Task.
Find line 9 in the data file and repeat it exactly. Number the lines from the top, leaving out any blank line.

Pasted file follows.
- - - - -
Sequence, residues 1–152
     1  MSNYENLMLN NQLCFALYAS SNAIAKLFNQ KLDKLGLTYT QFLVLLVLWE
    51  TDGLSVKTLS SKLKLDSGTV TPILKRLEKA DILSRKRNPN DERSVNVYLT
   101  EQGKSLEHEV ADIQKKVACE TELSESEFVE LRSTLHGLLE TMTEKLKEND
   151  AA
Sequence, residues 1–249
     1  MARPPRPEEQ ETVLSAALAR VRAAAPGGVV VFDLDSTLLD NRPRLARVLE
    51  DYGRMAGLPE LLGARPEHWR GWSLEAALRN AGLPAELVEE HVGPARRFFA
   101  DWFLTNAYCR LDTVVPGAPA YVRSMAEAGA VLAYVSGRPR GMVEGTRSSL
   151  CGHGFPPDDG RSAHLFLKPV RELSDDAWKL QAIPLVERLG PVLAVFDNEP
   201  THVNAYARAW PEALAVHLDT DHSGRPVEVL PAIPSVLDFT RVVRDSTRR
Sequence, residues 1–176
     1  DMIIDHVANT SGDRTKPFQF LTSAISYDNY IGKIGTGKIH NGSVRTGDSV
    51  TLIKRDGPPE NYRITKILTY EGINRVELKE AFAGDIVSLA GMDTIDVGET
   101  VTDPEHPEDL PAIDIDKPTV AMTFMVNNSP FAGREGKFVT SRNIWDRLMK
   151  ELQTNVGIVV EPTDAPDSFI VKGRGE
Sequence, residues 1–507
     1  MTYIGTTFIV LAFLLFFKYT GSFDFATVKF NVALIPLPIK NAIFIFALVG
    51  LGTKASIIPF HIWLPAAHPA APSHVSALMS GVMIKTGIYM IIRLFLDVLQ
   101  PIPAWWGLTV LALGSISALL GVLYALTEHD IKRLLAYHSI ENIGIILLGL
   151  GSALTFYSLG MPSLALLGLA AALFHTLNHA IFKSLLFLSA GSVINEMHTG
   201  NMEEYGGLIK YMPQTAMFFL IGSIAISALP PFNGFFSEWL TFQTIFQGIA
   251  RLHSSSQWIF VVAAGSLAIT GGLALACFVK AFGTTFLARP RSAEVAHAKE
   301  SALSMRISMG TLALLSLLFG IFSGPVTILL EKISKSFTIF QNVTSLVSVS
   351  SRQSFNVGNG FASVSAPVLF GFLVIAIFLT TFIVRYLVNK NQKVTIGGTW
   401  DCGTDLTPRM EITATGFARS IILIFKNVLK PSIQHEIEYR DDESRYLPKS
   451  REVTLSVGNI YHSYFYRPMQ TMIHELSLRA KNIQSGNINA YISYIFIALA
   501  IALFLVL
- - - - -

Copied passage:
   101  DWFLTNAYCR LDTVVPGAPA YVRSMAEAGA VLAYVSGRPR GMVEGTRSSL